Pharmaceutical Research

, Volume 11, Issue 10, pp 1496–1500

Effects of Various Protease Inhibitors on the Intestinal Absorption and Degradation of Insulin in Rats

Authors

  • Akira Yamamoto
    • Department of BiopharmaceuticsKyoto Pharmaceutical University
  • Toshio Taniguchi
    • Department of BiopharmaceuticsKyoto Pharmaceutical University
  • Kaori Rikyuu
    • Department of BiopharmaceuticsKyoto Pharmaceutical University
  • Tomoko Tsuji
    • Department of BiopharmaceuticsKyoto Pharmaceutical University
  • Takuya Fujita
    • Department of BiopharmaceuticsKyoto Pharmaceutical University
  • Masahiro Murakami
    • Department of BiopharmaceuticsKyoto Pharmaceutical University
  • Shozo Muranishi
    • Department of BiopharmaceuticsKyoto Pharmaceutical University
Article

DOI: 10.1023/A:1018968611962

Cite this article as:
Yamamoto, A., Taniguchi, T., Rikyuu, K. et al. Pharm Res (1994) 11: 1496. doi:10.1023/A:1018968611962

Abstract

The effects of protease inhibitors on the intestinal absorption of insulin were investigated in situ in closed small and large intestinal loops in rats, and the stability of insulin was examined in homoge-nates of the small and large intestine. The intestinal absorption of insulin was evaluated by its hypoglycemic effect. When insulin alone was administered into small or large intestinal loops, no marked hypoglycemic response was observed in either region. Of the coadministered protease inhibitors, soybean trypsin inhibitor (1.5, 10 mg/ml) marginally promoted insulin absorption from the large intestine, whereas aprotinin (10 mg/ml) did to a moderate degree. However, a significant hypoglycemic effect was obtained following large intestinal administration of insulin with 20 mM of Na-glycocholate, camostat mesilate and bacitracin, when compared with the controls. In contrast, we found little hypoglycemic effect following small intestinal coadministration of insulin with these protease inhibitors. In the stability experiment, bacitracin, camostat mesilate and Na-glycocholate were effective in reducing insulin degradation in both small and large intestinal homogenates. It was found that the reduction in the proteolytic rate of insulin was related to the decrease in plasma glucose concentration by these protease inhibitors in the large intestine. These findings suggest that coadministration of protease inhibitors would be useful for improving the large intestinal absorption of insulin.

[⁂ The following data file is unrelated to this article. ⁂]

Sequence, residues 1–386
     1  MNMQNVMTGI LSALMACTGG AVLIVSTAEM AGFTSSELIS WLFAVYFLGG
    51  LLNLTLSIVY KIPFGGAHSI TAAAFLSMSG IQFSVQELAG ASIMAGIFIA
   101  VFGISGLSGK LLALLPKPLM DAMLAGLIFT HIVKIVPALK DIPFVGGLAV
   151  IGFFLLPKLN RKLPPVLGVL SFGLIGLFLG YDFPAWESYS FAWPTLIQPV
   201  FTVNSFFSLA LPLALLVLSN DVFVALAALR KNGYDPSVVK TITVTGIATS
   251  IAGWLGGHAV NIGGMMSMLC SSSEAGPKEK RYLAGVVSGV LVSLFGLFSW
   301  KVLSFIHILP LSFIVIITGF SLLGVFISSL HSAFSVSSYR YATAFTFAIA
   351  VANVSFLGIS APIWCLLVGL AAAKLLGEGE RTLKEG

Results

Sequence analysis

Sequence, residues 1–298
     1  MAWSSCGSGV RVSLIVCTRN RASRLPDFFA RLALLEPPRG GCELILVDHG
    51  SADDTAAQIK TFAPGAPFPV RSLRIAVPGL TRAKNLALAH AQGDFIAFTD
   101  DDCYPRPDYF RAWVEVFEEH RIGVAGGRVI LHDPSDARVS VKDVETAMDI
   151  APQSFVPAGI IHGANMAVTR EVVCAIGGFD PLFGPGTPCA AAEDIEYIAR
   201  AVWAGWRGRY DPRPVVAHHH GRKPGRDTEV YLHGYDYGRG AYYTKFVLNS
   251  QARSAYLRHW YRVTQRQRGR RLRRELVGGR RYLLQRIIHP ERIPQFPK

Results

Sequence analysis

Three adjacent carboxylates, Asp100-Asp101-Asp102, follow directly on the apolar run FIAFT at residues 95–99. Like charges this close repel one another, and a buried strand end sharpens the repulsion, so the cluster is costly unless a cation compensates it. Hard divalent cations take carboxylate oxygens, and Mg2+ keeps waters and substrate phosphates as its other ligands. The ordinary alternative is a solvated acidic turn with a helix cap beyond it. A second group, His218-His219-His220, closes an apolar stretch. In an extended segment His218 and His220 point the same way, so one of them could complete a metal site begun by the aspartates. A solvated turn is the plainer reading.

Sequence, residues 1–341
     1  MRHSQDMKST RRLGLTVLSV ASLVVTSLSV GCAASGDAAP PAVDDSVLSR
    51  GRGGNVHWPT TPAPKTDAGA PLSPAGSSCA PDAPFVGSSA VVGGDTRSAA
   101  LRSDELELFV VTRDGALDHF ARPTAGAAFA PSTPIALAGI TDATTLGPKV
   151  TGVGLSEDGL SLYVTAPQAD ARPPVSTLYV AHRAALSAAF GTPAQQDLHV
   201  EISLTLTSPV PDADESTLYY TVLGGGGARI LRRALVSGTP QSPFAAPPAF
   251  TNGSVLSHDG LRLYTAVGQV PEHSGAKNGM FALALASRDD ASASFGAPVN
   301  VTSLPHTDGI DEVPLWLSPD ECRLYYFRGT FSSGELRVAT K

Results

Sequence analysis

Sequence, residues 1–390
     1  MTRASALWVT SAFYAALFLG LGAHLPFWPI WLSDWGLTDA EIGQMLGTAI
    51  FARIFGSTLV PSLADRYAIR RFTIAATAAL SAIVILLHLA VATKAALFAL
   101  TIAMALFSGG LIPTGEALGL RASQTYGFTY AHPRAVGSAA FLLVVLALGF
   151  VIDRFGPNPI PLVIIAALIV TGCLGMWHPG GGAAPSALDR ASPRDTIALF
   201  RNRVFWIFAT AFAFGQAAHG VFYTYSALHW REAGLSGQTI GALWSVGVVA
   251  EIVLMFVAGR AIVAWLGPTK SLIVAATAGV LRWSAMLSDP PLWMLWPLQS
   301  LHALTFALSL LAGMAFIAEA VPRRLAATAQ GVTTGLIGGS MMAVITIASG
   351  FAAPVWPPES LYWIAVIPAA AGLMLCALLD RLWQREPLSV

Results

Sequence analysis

insulinprotease inhibitorsintestinal absorptionhypoglycemic effectregional difference

Copyright information

© Plenum Publishing Corporation 1994